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On the nuclear pore complex and its emerging role in cellular mechanotransduction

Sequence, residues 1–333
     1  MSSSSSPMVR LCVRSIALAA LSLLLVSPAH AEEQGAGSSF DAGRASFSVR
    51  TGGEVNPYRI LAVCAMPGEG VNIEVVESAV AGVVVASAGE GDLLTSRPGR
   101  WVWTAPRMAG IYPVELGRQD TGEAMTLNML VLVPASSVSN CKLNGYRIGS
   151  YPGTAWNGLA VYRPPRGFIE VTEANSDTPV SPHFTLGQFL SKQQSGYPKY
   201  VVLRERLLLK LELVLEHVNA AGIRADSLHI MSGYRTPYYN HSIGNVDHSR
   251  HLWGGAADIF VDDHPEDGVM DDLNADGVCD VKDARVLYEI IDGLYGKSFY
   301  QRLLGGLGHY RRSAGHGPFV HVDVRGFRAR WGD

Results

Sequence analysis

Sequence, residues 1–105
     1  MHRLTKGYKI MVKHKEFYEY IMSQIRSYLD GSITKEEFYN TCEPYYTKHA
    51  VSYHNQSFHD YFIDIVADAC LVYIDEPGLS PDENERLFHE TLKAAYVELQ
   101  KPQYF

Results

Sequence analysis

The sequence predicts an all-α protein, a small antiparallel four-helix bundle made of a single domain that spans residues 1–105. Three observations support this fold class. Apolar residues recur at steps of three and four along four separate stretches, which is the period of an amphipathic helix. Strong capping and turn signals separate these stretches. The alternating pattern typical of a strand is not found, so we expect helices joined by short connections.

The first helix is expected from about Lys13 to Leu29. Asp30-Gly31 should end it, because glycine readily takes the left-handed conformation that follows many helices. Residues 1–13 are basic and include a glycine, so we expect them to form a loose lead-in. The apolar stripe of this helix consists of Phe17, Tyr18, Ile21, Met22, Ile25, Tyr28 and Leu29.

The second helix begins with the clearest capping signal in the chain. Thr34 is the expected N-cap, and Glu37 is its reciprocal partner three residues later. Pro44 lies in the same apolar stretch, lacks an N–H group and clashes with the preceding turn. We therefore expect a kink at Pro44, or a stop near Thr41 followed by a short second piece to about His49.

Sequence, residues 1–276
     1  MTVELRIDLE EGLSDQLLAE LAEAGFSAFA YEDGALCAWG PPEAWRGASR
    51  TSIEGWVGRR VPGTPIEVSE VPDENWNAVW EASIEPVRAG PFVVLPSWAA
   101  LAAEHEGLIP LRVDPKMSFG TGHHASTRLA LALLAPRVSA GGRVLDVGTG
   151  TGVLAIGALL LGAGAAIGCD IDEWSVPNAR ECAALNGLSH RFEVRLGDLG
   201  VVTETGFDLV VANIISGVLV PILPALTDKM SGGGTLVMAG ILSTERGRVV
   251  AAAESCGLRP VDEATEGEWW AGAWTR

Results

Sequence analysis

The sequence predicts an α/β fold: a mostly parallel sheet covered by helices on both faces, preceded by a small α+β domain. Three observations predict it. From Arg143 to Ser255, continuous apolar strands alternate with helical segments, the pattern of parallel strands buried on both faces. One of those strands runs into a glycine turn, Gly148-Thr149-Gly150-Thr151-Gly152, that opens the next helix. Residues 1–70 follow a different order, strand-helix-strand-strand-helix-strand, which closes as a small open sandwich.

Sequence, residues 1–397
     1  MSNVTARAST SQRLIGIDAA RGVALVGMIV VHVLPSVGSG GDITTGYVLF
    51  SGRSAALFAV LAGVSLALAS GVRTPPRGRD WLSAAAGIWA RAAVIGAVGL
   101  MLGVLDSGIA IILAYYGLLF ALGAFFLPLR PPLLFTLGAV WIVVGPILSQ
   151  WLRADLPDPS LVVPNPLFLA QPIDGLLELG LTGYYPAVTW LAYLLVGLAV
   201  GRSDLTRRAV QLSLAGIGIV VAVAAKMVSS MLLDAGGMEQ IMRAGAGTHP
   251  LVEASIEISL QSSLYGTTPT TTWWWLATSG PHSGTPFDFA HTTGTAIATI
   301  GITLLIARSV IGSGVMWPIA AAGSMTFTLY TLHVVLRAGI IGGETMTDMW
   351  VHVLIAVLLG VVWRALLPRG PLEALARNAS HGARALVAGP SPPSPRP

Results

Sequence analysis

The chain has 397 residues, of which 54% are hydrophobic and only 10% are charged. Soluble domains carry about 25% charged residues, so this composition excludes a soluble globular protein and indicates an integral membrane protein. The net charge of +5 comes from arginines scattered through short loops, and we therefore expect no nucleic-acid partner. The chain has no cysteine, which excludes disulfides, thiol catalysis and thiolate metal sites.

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The nuclear pore complex (NPC) is a large protein assembly that perforates the nuclear envelope and provides a sole gateway for traffic between the cytoplasm and the nucleus. The NPC controls the nucleocytoplasmic transport by selectively allowing cargoes such as proteins and mRNA to pass through its central channel, thereby playing a vital role in protecting the nuclear component and regulating gene expression and protein synthesis. The selective transport through the NPC originates from its exquisite molecular structure featuring a large scaffold and the intrinsically disordered central channel domain, but the exact mechanism underlying the selective transport remains elusive and is the subject of various, often conflicting, hypotheses. Moreover, recent studies have suggested a new role for the NPC as a mechanosensor, where the NPC changes its channel diameter depending on the nuclear envelope tension, altering the molecular transportability through this nanopore. In this mini-review, we summarize the current understandings of the selective nature of the NPC and discuss its emerging role in cellular mechanotransduction.

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